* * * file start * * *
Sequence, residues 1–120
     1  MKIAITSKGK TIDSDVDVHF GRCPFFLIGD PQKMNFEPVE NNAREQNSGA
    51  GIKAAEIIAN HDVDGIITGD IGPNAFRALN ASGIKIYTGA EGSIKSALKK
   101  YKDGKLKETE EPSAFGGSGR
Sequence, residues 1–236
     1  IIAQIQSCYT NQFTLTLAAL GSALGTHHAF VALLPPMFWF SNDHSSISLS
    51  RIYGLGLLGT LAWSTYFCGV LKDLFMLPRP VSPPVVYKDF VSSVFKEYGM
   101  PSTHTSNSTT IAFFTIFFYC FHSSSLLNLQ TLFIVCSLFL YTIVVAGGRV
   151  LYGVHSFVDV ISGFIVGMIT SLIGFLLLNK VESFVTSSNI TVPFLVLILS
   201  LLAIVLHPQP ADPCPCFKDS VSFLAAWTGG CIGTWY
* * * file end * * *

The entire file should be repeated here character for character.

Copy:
Sequence, residues 1–120
     1  MKIAITSKGK TIDSDVDVHF GRCPFFLIGD PQKMNFEPVE NNAREQNSGA
    51  GIKAAEIIAN HDVDGIITGD IGPNAFRALN ASGIKIYTGA EGSIKSALKK
   101  YKDGKLKETE EPSAFGGSGR
Sequence, residues 1–236
     1  IIAQIQSCYT NQFTLTLAAL GSALGTHHAF VALLPPMFWF SNDHSSISLS
    51  RIYGLGLLGT LAWSTYFCGV LKDLFMLPRP VSPPVVYKDF VSSVFKEYGM
   101  PSTHTSNSTT IAFFTIFFYC FHSSSLLNLQ TLFIVCSLFL YTIVVAGGRV
   151  LYGVHSFVDV ISGFIVGMIT SLIGFLLLNK VESFVTSSNI TVPFLVLILS
   201  LLAIVLHPQP ADPCPCFKDS VSFLAAWTGG CIGTWY